Another great way to show that you understand what the person is telling you is to nod. You can also make noises that show you’re in tune with what the person is saying such as “yes”, “yeah”, “mhmm”, “okay.” This seems trivial, but it’s important to not behave like a zombie and demonstrate some interest and comprehension.
5. Listen Without Thinking
In other words, listen without forming responses in your mind. Be wholehearted and listen to the entire message. It’s very tempting to fill the spaces, after all, our minds think around 800 words per minute, compared to 125-150 words we speak per minute. Don’t miss valuable information by letting your mind wander!
6. Listen Without Judgement
To effectively master the art of listening it’s extremely important to withhold any negative evaluations or judgments. Make it your goal to be open-minded as much as possible. After all, who wants to open up to a narrow-minded person? It also helps to be mindful of your “shut off” triggers, which are the specific words, looks, or situations that cause you to stop listening. This way, you can prevent yourself from shutting off in the future.
7. Listen To Non-Verbal Communication
About 60-75% of our communication is non-verbal. That’s a lot! In order to know whether to encourage the speaker, to open yourself more, or to be more supportive in your approach, it’s essential to know what the person’s body is saying. Do they display signs of discomfort? Are they wary of you? Does their body language align with their words?
8. Create A Suitable Environment
It can be difficult to listen to another person when the TV is screaming, your phone is buzzing and there are thousands of cars passing by. When you remove all of these distractions and find a quiet place to sit down and listen, it’s much easier to listen empathetically with an open mind and whole heart. Also, when you indicate it would be good to “find a quiet place,” you put importance in the person and what they have to say. Once again, you show care and consideration.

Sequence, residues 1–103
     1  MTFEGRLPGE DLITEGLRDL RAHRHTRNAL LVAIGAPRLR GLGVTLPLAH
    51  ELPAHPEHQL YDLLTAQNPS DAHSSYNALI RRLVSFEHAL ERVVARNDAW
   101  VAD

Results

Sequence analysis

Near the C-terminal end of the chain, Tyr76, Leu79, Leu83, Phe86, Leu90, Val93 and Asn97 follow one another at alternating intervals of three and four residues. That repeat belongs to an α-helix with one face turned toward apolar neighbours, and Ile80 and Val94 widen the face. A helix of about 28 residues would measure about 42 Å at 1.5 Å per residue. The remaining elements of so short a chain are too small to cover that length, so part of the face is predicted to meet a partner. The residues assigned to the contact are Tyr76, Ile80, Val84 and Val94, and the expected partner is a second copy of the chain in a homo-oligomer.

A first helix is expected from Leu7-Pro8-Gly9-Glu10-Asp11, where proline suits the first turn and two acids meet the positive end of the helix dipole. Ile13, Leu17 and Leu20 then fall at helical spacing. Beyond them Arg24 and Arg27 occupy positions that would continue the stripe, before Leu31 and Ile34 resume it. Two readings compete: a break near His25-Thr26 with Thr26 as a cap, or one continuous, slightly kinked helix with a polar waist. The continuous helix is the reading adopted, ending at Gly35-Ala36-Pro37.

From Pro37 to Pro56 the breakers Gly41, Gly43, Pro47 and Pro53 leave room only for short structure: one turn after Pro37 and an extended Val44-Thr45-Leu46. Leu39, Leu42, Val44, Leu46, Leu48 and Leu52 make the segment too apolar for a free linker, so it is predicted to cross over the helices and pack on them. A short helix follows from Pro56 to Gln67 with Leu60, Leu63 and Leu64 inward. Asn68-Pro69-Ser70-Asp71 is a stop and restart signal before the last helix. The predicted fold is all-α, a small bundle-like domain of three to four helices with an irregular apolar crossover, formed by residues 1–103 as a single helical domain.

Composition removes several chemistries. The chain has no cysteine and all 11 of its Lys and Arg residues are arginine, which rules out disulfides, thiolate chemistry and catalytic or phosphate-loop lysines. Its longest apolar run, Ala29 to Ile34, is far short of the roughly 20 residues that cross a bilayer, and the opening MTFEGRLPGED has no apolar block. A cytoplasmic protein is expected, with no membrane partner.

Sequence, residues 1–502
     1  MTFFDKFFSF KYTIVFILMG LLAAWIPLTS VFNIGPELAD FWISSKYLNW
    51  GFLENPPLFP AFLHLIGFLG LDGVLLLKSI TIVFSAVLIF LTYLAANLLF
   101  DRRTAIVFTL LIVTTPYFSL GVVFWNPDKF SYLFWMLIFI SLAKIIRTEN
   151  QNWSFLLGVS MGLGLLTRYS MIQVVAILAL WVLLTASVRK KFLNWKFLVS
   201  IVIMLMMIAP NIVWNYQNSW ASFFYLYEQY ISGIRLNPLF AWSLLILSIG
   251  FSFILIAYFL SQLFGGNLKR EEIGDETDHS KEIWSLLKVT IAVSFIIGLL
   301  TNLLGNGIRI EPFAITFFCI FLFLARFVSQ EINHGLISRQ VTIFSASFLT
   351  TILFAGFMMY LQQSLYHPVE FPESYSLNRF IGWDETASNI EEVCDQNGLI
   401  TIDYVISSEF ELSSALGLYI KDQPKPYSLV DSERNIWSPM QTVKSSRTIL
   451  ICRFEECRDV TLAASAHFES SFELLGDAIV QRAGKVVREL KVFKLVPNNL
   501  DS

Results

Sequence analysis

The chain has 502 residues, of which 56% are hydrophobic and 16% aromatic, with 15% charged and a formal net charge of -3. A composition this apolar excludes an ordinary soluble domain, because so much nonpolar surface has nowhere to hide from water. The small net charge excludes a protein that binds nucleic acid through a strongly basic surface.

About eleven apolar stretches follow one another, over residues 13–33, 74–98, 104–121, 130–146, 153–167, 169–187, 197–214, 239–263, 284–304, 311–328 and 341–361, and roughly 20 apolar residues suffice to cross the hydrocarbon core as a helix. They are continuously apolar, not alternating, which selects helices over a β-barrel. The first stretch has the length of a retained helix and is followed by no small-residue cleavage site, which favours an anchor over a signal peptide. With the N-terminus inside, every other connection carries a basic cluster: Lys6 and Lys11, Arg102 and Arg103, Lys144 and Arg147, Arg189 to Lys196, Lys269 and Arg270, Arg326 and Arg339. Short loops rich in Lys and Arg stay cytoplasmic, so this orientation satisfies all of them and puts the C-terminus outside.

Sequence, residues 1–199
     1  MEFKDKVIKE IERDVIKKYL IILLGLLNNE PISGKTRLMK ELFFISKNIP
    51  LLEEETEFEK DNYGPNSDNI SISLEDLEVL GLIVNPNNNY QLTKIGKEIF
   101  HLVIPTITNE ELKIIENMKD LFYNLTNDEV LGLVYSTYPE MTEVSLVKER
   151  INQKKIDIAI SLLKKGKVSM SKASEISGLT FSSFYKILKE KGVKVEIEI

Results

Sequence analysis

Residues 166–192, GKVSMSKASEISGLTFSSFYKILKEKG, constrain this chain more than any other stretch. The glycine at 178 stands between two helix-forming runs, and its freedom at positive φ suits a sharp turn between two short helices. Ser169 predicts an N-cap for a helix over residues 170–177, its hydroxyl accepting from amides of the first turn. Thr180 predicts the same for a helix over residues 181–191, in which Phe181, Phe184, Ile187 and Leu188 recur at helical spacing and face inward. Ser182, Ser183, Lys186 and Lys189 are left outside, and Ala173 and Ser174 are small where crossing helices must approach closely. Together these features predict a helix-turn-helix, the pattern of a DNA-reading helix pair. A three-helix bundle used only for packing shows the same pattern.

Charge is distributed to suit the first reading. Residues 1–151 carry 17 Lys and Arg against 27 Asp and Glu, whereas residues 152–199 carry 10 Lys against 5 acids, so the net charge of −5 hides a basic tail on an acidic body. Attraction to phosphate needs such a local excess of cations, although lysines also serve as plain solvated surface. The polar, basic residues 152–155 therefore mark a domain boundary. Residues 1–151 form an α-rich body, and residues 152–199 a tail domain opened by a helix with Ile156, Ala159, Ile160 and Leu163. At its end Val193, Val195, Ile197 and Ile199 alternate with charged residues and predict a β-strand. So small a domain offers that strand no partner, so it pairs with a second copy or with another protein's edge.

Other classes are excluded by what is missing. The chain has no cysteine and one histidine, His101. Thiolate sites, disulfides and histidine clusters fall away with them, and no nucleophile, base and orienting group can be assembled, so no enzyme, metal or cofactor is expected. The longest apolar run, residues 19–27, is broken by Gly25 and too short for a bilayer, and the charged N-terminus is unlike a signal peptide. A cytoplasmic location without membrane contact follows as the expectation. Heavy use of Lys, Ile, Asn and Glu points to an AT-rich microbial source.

9. Observe Other People
If you’re really serious about mastering the art of listening, why not observe other people? One of the best ways to become a better listener is to observe the way people interact with each other, and all the irritating and rude things they do. Create an “annoying habit” checklist, and see if you do any. If you’re brave enough, you can even ask someone you trust about what they like and dislike about the way you interact with others in conversation.
Mastering the Art of Listening Requires Self-Respect
Do you need to listen to everyone deeply all the time? No. That’s not realistic and it can be quite exhausting. It’s perfectly okay to pick and choose who you decide to listen to. Again this requires listening deeply to yourself and your own needs. Are you tired? Is the other person overstepping your boundaries? Do you have something else to do? Feel free to draw a line.
Listening requires self-respect, both toward yourself and other people. You don’t need to be a doormat, a martyr, or a therapist to everyone. But do understand the difference that the power of listening has: it makes you feel more connected to others and life.
So approach this skill with healthy self-respect: you deserve to feel close to others, but also to honor your own needs.
Listening is a skill that is transferable to all aspects of life.
As Diogenes Laertius said: “We have two ears and only one tongue in order that we may hear more and speak less.” The art of listening is an invaluable life skill. Not only will it help you communicate better with your friends and family, but it will help you succeed in every other area of your life.